The interior of the Volvo XC90 CUV is exceedingly sophisticated but in a way that is warm and welcoming rather than haughty and offputting, in keeping with its Scandinavian roots.

Its intelligence is immediately apparent in its standard “Sensus” touchscreen, which allows easy paging through vast menus of vehicle settings and entertainment and information options. For instance, the City Safety collision-avoidance system can be customized based on how quickly the driver wants an alert. This is a world-class human-machine interface.

With its pedigree in occupant protection, Volvo layers up the 7-passenger XC90 with smart safety features such as ergonomic and orthopedic seats designed to prevent back injuries if the vehicle is headed into a ditch. It took seven years to design the seats, alone.

Don’t forget the detection of cyclists and pedestrians during day or night and road-sign identification, which will help avoid trips to traffic court so long as warnings are heeded, or the 360-degree surround-view camera system that helps in crowded mall parking lots. It’s as if the CUV has several additional expert pairs of eyes to ensure safe passage.

Beyond safety, the XC90 interior is brilliantly styled and thoughtfully laid out. From the diagonal grain of the Linear Walnut wood inlays and Orreffors crystal gear shifter to the gleaming brightwork and sleek and slender head restraints, the XC90’s cabin is a credit to all things Swedish.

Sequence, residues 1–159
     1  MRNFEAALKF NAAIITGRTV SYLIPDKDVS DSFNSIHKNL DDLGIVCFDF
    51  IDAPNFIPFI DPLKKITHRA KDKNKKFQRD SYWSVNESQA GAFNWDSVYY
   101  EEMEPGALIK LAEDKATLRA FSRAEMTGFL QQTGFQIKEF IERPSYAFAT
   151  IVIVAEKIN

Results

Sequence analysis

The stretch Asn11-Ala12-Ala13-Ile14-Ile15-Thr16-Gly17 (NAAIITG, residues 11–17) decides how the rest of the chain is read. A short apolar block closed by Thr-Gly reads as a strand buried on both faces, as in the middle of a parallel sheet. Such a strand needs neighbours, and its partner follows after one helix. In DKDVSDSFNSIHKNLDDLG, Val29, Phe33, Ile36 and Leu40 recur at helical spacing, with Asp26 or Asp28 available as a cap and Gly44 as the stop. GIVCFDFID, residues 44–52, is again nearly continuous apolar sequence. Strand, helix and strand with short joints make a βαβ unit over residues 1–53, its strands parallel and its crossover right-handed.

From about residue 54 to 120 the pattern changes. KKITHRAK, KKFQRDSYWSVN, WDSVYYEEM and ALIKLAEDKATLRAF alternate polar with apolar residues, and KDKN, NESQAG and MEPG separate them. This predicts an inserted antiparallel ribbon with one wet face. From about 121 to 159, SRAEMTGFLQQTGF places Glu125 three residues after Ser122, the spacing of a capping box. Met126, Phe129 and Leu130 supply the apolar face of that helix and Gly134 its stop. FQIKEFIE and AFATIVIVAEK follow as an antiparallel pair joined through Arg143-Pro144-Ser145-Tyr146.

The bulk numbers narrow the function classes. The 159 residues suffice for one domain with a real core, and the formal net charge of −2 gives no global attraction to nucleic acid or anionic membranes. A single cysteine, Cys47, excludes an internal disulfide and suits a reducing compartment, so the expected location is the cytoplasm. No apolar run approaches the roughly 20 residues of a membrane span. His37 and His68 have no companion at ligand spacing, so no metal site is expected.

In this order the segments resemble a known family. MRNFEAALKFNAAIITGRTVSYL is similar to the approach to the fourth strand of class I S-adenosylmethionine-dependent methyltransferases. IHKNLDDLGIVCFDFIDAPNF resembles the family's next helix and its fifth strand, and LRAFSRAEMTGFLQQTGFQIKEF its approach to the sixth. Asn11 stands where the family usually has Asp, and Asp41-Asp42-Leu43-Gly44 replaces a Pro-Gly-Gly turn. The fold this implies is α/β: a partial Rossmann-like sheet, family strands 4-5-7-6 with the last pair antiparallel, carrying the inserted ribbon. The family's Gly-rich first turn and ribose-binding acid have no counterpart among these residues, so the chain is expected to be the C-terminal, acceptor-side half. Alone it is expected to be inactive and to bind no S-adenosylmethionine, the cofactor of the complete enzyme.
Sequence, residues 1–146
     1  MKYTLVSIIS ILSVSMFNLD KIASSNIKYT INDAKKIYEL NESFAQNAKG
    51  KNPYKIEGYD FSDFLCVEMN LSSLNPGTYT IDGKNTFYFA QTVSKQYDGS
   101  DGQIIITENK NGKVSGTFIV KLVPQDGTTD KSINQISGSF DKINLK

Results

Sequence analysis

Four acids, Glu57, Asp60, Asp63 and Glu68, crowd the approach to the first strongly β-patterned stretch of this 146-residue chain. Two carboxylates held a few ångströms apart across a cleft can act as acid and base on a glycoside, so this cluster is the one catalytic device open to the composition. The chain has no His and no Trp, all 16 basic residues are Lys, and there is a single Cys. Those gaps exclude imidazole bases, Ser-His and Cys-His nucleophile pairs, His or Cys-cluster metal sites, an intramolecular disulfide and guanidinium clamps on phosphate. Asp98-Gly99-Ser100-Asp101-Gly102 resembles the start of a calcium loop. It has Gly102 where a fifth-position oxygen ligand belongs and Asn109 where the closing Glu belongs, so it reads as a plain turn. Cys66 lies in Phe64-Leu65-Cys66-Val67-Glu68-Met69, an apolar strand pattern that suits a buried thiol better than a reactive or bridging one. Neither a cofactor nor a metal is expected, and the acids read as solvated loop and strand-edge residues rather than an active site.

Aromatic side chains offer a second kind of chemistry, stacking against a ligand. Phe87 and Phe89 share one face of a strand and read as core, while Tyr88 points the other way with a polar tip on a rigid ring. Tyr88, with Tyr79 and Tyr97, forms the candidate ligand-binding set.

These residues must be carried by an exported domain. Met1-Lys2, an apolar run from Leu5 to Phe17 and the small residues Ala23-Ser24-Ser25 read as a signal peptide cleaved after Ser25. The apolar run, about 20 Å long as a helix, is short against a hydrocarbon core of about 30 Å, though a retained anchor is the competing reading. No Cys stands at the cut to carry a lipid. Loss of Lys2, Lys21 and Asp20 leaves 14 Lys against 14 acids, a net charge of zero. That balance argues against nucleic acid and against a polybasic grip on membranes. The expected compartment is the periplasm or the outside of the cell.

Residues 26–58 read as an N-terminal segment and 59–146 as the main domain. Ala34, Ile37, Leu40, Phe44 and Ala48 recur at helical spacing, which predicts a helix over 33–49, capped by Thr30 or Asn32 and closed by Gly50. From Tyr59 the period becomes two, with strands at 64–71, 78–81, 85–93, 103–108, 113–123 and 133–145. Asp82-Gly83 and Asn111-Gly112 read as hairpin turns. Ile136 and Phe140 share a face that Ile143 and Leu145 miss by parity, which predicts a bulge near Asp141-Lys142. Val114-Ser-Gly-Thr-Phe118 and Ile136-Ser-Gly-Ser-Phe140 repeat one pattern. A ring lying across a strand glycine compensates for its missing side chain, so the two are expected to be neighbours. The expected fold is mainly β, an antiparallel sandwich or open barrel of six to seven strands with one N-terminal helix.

Let’s consider the 2-tier center console, punctuated by the gear shifter, drive-mode selector and ignition switch, both trimmed in chrome-like diamond weave. A matte-finish walnut sliding door hides the cupholders and central storage bin.

All this sounds fairly straightforward, but these elements are surrounded on three sides by a soft leather ridge that flows from the center stack to the armrest, seeming to shelter the controls from a harsh winter storm.

This highly intelligent interior is surprisingly clean, with only six buttons on the center stack for

defrost (front and rear), hazard lights, glovebox release and audio track selection (forward and back).

There’s a hypnotic beauty in the gentle bow of the metallic bar separating leather from wood on the door panels and the bulbous metallic-wrapped Bowers & Wilkins premium audio speaker that rises from the instrument panel, always in view of the driver.

Contrast stitching often jazzes up an interior, but black on black leather and white on tan leather in the Inscription model evaluated definitely were the right call.

We’ve driven several variants of XC90 over the past year, and none has disappointed. The T8 Hybrid starts at $68,100, and our tester rolled in with an $84,005 sticker price. That sounds steep, but it’s competitive with other large luxury SUVs that lack the XC90’s panache and real-world fuel economy. Besides, non-hybrid versions can be had for under $50,000.

The XC90 interior does everything well, so it proudly wears a thumb-sized blue and yellow Swedish national flag stitched into the passenger seat near the left shoulder.

This CUV is the latest Scandinavian supermodel.

tmurphy@wardsauto.com